Some of the best goal celebrations the NHL has ever seen

Sidney Crosby scored two goals in under a minute as the Penguins edged the Capitals 3-2 in game one of their series.

Washington Capitals forward Evgeny Kuznetsov has an entertaining goal celebration.

He’s scored twice this post-season, each time accentuating the tally by flapping his arms like a bird.

It makes sense, the eagle is on not only the Capitals jersey, but also the Russian coat of arms, though the showy display is unlikely to be appreciated by everyone.

But this isn’t the place for that sort of debate.

Here is a sampling of some of hockey’s greatest signature celebrations, followed by some bonus, not-quite-as-notable celebrations for fun.

Jagr’s Salute

Jaromir Jagr, shaggy mullet and all, was never one to blend in with a crowd.

His expressive personality came through in his signature salute celebration, which according this May 2012 piece from the Ottawa Citizen, was inspired by former Denver Broncos running back Terrell Davis.

Arguably even better than the Jagr Salute itself has been the many imitations, from Danny Markov in 1999, to Mike Rupp at the 2012 Winter Classic, to P.K. Subban at the 2016 NHL Skills Competition.

Foligno’s Leap

Mike Foligno was a 15-season NHL veteran who crossed the 20-goal mark 10 times, even scoring 41 with Buffalo in 1985-86.

His claim to fame was the Foligno Leap, in which the winger would, as the name suggests, jump into the air to celebrate a score.

Foligno’s two sons have since entered the league and have both replicated their father’s traditional celebration.

Here’s the youngest son, Marcus, getting in on the action:

Radulov’s Sword Sheath

Montreal Canadiens forward Alexander Radulov is a big-time player with a celebration to match.

Using the stick as a mock weapon has been done by others (more on that below), but Radulov’s sheathing celebration earns extra points for the flashy twirl he tends to perform right before he slides his stick downward.

It’s something he’s done in major junior, at the worlds, the KHL, and the NHL. Heck, it shows up at least three times in the first two minutes of this feature below.

Matthews’ weird hand thing

Auston Matthews found the back of the net 40 times this past season, often following the act with… whatever this is:

At the 18-second mark of the video above, Matthews flicks his wrist downward as if presenting his hand to a prince.

Matthews explained the origin of his quirky little hand thing earlier this month, saying he stole it from teammates Jake Gardiner and Morgan Rielly.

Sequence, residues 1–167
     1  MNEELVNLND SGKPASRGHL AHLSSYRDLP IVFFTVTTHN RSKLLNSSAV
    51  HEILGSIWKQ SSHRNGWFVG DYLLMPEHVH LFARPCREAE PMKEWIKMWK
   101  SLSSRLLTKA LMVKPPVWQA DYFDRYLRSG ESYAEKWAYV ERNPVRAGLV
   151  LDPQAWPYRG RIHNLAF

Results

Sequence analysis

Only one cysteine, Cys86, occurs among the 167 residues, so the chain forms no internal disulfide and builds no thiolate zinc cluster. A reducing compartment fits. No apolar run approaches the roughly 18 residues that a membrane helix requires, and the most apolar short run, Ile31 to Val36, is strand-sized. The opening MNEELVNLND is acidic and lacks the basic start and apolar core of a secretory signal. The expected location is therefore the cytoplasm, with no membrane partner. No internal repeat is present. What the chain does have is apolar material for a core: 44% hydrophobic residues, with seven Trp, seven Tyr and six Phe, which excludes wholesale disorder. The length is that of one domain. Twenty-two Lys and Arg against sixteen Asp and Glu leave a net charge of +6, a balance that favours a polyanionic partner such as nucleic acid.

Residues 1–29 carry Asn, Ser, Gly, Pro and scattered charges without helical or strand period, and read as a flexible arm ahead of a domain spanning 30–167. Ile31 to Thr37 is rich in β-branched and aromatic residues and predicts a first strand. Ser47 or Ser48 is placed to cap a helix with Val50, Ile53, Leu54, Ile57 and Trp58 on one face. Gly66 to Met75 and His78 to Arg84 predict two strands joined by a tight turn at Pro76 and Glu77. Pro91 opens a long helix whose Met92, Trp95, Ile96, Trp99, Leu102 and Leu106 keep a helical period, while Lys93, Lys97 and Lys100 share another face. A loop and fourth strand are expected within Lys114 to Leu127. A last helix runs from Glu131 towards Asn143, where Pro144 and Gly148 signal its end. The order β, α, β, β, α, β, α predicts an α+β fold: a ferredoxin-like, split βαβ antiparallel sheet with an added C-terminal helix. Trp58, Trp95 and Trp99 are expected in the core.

Briere’s Swoop

This one never got a ton of attention, and Danny Briere was hardly the first or last player to drop to one knee and pump his fist, but he’s done it with enough consistency that it warrants a mention here.

The now-retired forward scored 53 goals in 124 career playoff games, many of them followed by his emphatic swooping celebration.

It stayed with him right to his very last NHL stop in Colorado.

The Burrows/Bourdon Bow and Arrow

Luc Bourdon was a 10th overall pick of the Vancouver Canucks in 2005, and was considered a rising star in the Canucks organization when he was killed in a motorcycle accident on May 29, 2008.

He had a signature celebration of his own, shooting an imaginary bow and arrow into the sky.

Canucks teammate Alex Burrows co-opted the move, using it as a tribute to his fallen friend.

Tiger Williams rides his stick

Who even does this?

Teemu Selanne shoots his glove

The Finnish Flash set the rookie goal-scoring record in 1992-93 with 76, a mark that still stands today. When he scored his 54th goal that season, which broke Mike Bossy’s record at the time, Selanne celebrated with this famous gun-happy celebration.

Honourable mentions

Patrick Kane’s heartbreaker: Best seen when sending his team to the Stanley Cup Final.

Artem Anisimov’s rifle: This one went unappreciated by the Tampa Bay Lightning.

Alex Ovechkin’s burning stick: The execution was silly, and apparently this wasn’t even Ovechkin’s idea. Goaltender Jose Theodore suggested it to the sniper, as revealed years later.

Theo Fleury/Nail Yakupov sliding down the ice: One of these was in overtime of a Game 6 against a provincial rival, the other tied a regular-season game late.

Both were entertaining.

Think there was a celebration that we missed? Let us know in the comments below.


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